Wednesday, June 20, 2012
I'm not going to put any spoilers here but suffice it to say that with each turn of the page the story got more unbelievable. Just when I thought I had seen the limits of what a human could endure, I'd remember that there were still 200 pages to go in the book and surely the story was not finished. It touched the sport lover in me as well as that huge part of myself who is moved by all things war. It reminded me anew of the terror that humans can wreak on each other as well as the enormous capacity we are given to forgive through the power of God. It made me laugh and cry and imagine anew what life must've been like for my own grandfather who fought in the European theater. It pointed me, yet again, to the only One who can offer us new creation, who can take mourning and turn it into dancing, who can turn our weeping into joy, who can truly change us, heal us, give us hope.
In short, it changed my life. Not just because it was well written or because it's a compelling story, of which both are true. But because when you read the story of Louis Zamperini, you can feel God at work. And in a world with lots of awful and discouraging stories, it's a good thing to be reminded that we are not alone, that hope is still powerful, that perseverance is not pointless and that God is always hard at work in the act of redemption.
Thursday, June 7, 2012
Dating culture was in a major transition as I was growing up. People were still "asking people out" and you usually knew when two people were a couple, at least in my friend circles. Phrases like "hanging out" and "talking" and "seeing each other" were starting to creep in but mostly people were girlfriend and boyfriend or they weren't. Texting didn't exist, nor did email when I first started dating, so you really had to arrange things voice to voice. Much harder, maybe, but much clearer. Someone took a risk, an obvious one, and someone else either shot them down or went for it. None of this "months-go-by-and-we-hang-out-and-can-you-look-at-what-she/he-wrote-on-my-wall-and-interpret-it-for-me" junk. I do not envy younger people.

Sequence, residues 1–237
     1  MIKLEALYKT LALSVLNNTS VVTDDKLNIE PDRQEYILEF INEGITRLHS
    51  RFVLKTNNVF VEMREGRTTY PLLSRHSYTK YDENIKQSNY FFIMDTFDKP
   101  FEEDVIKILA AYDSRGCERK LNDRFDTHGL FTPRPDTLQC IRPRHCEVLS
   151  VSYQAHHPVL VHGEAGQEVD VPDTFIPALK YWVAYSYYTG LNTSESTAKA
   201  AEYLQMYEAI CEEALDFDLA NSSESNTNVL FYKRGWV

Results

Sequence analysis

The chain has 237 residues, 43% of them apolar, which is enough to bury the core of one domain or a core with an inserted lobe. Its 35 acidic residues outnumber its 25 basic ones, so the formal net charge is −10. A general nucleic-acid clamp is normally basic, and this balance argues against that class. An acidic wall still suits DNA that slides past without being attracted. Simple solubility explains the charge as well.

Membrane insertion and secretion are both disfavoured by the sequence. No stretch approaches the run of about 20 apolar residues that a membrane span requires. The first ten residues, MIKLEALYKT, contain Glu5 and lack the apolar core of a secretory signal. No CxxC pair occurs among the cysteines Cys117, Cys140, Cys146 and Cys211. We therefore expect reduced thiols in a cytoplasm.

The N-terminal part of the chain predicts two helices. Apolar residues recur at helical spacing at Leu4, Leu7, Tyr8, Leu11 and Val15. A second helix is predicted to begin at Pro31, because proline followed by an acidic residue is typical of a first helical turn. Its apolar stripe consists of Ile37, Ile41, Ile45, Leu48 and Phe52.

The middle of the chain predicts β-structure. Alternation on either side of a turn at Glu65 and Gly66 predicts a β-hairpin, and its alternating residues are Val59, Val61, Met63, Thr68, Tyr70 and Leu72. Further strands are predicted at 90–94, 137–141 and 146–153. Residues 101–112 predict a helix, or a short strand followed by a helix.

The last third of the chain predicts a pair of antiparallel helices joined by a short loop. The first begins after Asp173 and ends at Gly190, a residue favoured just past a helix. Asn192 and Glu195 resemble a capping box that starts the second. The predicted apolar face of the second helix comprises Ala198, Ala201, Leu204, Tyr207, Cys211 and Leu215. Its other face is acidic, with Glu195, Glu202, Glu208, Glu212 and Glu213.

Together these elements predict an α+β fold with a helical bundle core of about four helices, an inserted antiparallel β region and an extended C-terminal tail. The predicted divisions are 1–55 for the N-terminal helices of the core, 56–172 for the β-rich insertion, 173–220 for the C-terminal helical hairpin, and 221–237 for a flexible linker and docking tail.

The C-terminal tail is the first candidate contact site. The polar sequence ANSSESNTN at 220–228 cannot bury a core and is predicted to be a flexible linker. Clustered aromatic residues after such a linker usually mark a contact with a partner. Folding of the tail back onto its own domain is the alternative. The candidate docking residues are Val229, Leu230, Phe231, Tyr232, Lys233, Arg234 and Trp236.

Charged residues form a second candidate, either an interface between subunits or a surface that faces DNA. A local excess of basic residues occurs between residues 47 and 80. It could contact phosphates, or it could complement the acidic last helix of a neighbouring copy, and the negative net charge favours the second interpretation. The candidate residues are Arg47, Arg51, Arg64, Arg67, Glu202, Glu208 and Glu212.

Here's the thing though. From the time of that first date until about six months into dating Reed, I was pretty uncertain about marriage. And, yes, I do realize the inherent inconsistency of dating people when you have no intention of ever getting married. I was so uncertain, though, that I even wrote a song in high school that involved me moving to Africa without a husband or children and living there forever with my dog. (It is to my everlasting horror that my best friends in high school memorized and then revived this song for our rehearsal dinner 10 years later. I have yet to repay them, but it's coming. Oh, it's coming.) Song aside, I looked at marriage as a major loss of freedom. A place where a man would try to rule me or wherein we'd be excited at first and then miserable for 50 years and our kids would know it. Why would I choose what I thought was certain misery, two messed up humans trying to keep a promise inherently impossible to keep?
Yet, there was a moment when I was dating Reed when I thought, "Hey, I could marry THIS guy." No specific epiphany about marriage in general, no hidden book somewhere that had planned out my cake, bridal gown and which song I would eventually dance to, just a small, quiet moment of choosing him. Choosing this man to commit to, to love each day, 'til death do us part. And choosing it in the face of overwhelming odds against its success, because, let's face it, we all come into this thing with a lot of baggage and having the baggage of not even being so certain that marriage is a great thing is like bringing that oversized, misshapen bag that the airline check-in counter person just looks at, shakes his head and then starts covering with mysterious stickers.
But the thing is, success is not about luck. It's not about finding that "soulmate" or "the one" with whom we'll make it all the way, it's about that choice again and again to turn towards him in the morning, to choose honesty over manipulation, to work at what's off between us, to dream together for our future and then wait expectantly side by side, to not isolate ourselves from each other when we face disappointments, to invite others into our life who can ask us good questions about our marriage, to cause our son to giggle when we linger over a kiss in front of him (I assume this will turn to embarrassment in a few short years, but so far he thinks it's fun), to unpack those huge bags a little more as each year passes and God molds us individually more into his image and, hopefully, molds our marriage into one that reflects his love to people around us.
Here's to nine years, my love! May God keep us ever focused on Him so we can freely love, serve, respect and challenge each other and do it all in the midst of tears, passion, laughter and, most importantly, side by side.